Honestly? Perfectionism didn’t work for me at all. It took forever to get anywhere. Frequently I’d lose my momentum, my train of thought, or the creative spark.

I learned to tune out my inner editor.

Caveat—not every writer has that problem. But if you feel like your self-editing is holding you back, consider trying a different tack.

Submitting? I was a perfectionist there, too. I must have read 200 articles on querying before I actually did it. I had a tracking program and I was very careful about submitting one thing before submitting another.

It’s good to do research before you submit, definitely. But not so much that you’re immobilized. I had better success when applied what I’d learned as quickly as possible.

I thought originally that writing a book was about inspiration…that the book wouldn’t be good without that creative spark happening every day. I needed to wait for the perfect moment of inspiration to strike.

I learned that it’s more about sitting down and plugging away and going from point A to point B.

There are some things that should be as perfect as we can make them: our grammar and spelling before submitting is one that comes to mind. But trying to make it perfect as we go is another thing.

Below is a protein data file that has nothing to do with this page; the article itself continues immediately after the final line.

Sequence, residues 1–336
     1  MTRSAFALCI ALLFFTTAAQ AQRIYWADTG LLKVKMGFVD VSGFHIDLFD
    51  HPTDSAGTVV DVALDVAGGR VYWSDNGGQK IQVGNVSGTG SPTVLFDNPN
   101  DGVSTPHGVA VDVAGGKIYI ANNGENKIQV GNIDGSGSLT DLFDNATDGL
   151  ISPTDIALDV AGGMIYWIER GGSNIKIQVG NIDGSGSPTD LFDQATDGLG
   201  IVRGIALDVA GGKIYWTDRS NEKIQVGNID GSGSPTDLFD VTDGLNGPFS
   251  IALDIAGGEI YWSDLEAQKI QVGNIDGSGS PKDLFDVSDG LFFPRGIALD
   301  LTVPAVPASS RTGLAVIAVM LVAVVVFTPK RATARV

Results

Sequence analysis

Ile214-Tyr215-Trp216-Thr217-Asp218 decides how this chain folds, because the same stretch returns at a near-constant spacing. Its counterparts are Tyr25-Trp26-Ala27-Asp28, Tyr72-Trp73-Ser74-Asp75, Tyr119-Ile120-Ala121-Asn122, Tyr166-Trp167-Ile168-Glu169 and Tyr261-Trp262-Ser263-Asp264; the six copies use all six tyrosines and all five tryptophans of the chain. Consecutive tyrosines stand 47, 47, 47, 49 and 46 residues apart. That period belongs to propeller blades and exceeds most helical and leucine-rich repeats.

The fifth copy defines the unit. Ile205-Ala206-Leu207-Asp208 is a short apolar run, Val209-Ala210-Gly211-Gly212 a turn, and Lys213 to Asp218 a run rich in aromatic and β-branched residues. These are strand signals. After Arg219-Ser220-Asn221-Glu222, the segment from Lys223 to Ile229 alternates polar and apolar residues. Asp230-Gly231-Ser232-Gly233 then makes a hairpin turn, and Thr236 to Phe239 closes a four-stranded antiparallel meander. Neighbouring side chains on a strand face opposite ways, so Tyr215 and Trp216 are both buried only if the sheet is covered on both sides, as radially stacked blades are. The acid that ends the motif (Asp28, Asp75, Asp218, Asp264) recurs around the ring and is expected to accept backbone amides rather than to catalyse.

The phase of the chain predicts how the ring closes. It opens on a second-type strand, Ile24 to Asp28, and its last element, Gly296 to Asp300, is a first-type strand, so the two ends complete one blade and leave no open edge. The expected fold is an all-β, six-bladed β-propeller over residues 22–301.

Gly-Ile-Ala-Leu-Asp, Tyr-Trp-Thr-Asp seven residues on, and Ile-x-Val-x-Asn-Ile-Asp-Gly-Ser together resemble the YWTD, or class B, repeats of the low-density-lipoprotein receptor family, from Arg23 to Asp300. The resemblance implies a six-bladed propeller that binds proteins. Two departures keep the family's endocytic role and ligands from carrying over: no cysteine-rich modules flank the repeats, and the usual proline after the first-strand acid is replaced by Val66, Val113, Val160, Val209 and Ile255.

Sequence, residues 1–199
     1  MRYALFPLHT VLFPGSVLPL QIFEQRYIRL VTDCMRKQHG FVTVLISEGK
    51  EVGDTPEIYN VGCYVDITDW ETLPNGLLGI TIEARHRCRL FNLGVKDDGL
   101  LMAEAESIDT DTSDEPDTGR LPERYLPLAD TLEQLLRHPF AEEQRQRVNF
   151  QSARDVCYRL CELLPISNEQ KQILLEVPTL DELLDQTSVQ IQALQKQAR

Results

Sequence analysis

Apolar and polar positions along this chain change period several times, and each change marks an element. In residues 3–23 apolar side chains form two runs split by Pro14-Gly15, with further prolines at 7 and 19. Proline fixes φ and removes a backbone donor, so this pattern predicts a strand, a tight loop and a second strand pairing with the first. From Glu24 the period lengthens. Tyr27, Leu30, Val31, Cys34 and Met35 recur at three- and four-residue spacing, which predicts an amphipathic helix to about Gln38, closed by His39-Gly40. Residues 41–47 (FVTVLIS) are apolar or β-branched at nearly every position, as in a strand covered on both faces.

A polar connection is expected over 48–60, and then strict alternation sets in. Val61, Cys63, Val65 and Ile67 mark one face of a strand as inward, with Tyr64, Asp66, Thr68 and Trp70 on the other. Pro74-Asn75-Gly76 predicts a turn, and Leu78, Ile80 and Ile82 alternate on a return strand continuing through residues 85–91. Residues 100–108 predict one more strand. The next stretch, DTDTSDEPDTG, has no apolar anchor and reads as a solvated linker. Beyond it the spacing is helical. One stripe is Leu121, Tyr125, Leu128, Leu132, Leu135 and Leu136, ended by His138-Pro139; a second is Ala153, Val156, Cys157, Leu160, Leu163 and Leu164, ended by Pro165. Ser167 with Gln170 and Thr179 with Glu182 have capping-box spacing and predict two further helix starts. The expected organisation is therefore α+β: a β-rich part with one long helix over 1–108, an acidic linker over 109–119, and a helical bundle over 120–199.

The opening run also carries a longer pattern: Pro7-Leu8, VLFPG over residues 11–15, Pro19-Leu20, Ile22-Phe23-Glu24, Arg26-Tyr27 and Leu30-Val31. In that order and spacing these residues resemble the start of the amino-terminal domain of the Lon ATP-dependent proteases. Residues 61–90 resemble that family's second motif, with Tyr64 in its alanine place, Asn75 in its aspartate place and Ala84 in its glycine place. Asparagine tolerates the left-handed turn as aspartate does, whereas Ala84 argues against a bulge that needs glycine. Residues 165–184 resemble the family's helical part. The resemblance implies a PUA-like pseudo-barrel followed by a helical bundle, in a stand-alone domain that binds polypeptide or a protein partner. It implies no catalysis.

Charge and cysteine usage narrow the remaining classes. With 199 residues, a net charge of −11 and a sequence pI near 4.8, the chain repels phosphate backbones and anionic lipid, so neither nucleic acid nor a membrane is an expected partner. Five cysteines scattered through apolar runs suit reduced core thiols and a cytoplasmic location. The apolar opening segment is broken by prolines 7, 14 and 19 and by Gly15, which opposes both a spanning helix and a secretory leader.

When perfectionism is especially bad:

It keeps you from working on your book because you’re finding so many faults with your draft.

You’re frustrated at the slow progress of writing your first draft…because you’re editing as you go.

You aren’t submitting because you feel like your manuscript isn’t perfect enough.

Reading other author’s books in your genre makes you feel insecure or immobilized with your own book.

I used to feel that perfectionism had to be a good thing—that it meant I was trying my hardest to do a Good Job. As I get older, I see more of the dark side of perfectionism and am working to be more flexible with myself and my work.

Are you a perfectionist? Do you feel it’s helping you or hurting you?

Thursday, December 10, 2009

Writing According to Mood

Portrait de Jeune Fille--1932--François Emile Barraud I’d had a wild day but was on-time, no…early!…for a play that my daughter’s friend was in. I parked the car, opened the door, and—“Oh shoot! We were going to pick her up a little gift for after the play.”

We climbed back in the car and drove to a nearby store. We grabbed a little something, then I checked out at the cash register and swiped my debit card. “Do you want cash back?” asked the cashier.